It happens that composer, ethnomusicologist, and teacher Grikor Mirzaian Suni (born in Getabek, near Gandzak), was also a strong nationalist and political activist, spending much time in Western Armenia after the Young Turks had seized power. In 1908, a disguised Suni escaped from Batumi (the Russian Czars were seizing Armenian churches, etc.) to Turkey on a Laz raft, after which he arranged concerts for Armenians in Trabizon, Kirason, and Samson. In Samson, he tried to organize a break-in at the armory, after which he planned to distribute 2,000 rifles and millions of bullets to the peasantry. The Dashnaks, at that time loyal to the Young Turks, refused, labeling Suni a traitor, this in spite of the fact that Suni had been a member of the Dashnak party while living in the Caucasus.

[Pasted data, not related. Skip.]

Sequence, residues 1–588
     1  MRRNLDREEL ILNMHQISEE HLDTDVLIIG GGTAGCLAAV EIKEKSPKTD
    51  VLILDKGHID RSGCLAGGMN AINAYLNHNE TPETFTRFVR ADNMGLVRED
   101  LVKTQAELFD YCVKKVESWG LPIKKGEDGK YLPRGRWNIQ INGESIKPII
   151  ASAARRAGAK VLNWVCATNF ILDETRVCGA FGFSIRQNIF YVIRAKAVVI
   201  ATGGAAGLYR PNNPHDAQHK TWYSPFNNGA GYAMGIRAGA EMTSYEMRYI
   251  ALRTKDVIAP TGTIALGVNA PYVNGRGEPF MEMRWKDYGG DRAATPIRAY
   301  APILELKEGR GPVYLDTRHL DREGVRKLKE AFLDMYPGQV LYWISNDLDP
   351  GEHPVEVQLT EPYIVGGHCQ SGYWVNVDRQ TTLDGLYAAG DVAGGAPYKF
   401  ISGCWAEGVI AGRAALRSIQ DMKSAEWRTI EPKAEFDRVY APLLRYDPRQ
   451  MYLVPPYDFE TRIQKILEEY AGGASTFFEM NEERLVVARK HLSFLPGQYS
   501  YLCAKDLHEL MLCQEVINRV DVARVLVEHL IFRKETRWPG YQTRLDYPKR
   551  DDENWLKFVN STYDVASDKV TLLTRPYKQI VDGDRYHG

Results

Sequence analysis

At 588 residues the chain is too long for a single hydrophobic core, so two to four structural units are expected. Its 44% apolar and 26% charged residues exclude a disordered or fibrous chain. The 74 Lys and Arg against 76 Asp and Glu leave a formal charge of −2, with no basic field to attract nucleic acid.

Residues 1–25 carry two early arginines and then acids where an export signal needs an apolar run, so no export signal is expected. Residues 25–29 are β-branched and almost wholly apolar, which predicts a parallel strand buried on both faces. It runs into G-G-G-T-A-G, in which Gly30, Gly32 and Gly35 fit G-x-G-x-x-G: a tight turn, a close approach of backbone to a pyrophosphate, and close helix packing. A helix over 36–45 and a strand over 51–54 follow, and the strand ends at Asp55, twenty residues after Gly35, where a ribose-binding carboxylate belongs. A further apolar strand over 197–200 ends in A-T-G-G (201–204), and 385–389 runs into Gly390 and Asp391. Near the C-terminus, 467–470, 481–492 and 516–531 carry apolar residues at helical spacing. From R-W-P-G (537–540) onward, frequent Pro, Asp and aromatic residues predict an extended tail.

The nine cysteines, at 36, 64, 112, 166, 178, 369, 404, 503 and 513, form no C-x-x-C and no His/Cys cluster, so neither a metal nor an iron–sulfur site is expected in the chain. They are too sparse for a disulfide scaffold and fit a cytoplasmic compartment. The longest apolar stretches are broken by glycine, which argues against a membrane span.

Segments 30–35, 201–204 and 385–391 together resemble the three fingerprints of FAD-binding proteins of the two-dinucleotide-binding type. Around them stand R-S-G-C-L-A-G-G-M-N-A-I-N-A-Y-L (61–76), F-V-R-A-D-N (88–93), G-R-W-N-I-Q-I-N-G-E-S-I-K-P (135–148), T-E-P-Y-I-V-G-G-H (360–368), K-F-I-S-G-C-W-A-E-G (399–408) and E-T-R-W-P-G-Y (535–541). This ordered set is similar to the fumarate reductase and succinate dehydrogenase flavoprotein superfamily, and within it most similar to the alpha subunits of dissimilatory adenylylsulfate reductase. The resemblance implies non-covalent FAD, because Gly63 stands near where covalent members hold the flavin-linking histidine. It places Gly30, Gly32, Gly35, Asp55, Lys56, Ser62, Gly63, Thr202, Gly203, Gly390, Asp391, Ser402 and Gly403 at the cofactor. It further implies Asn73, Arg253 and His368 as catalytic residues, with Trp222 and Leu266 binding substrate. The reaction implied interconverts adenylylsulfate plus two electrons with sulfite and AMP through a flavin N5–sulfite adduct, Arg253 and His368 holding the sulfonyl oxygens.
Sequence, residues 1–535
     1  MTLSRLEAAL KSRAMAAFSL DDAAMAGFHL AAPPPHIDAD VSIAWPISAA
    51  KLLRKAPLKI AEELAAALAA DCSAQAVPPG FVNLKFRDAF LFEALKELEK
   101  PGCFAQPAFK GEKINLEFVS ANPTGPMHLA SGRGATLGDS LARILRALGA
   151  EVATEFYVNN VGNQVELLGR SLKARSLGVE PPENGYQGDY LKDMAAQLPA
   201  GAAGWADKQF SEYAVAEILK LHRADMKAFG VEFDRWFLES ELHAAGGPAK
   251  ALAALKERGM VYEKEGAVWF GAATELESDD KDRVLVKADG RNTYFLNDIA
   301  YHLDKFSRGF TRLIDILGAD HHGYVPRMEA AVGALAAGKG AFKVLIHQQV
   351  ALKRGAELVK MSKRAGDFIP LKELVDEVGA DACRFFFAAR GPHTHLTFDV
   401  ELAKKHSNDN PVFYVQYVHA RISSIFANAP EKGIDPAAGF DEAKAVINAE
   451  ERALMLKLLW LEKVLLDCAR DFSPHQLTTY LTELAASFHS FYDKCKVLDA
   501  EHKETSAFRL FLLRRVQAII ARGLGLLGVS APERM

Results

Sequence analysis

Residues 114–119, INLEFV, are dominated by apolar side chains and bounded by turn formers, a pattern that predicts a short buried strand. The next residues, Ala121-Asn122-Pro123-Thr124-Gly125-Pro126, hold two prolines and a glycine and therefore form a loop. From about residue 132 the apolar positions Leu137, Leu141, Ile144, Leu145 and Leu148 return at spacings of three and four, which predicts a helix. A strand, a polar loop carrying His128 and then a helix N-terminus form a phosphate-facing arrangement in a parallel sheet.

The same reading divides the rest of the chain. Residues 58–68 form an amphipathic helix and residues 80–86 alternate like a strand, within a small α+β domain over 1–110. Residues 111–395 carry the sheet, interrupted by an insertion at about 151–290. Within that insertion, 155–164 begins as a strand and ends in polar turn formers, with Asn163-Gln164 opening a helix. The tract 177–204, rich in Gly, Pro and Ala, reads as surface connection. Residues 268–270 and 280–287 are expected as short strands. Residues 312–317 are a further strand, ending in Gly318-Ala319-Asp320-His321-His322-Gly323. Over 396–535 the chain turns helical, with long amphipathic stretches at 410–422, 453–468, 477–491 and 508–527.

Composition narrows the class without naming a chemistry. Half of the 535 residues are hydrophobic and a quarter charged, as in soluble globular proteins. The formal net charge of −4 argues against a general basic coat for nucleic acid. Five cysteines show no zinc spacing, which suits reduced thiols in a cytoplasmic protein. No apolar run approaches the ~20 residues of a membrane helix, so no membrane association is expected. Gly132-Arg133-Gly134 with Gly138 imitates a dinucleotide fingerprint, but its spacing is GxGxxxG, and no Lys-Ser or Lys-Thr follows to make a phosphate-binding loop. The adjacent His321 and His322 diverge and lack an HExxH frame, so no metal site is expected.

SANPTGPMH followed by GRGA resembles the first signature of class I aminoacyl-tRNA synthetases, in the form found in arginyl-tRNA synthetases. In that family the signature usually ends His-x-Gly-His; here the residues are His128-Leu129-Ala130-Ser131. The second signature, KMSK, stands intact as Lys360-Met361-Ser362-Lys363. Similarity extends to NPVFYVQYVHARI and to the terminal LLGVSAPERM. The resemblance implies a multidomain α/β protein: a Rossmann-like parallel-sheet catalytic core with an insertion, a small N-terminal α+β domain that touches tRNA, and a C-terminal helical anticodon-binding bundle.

When World War I broke out, Suni, who was living in Erzurum and teaching at the Sanasarian school, was awakened in the middle of the night and told to leave to the Russian side of the border, as officials knew of the impending dangers for Armenians. His popular composition “Erzurum March” was the likely reason for the goodwill leading to his escape from Turkey.
I learned this by reading and hearing about Suni from his great-granddaughters and other family members, now in Yerevan and spending time at our home taking vocal and oud lessons from Hasmik for an upcoming concert of Suni’s works at the Hovhannes Tumanyan home-museum.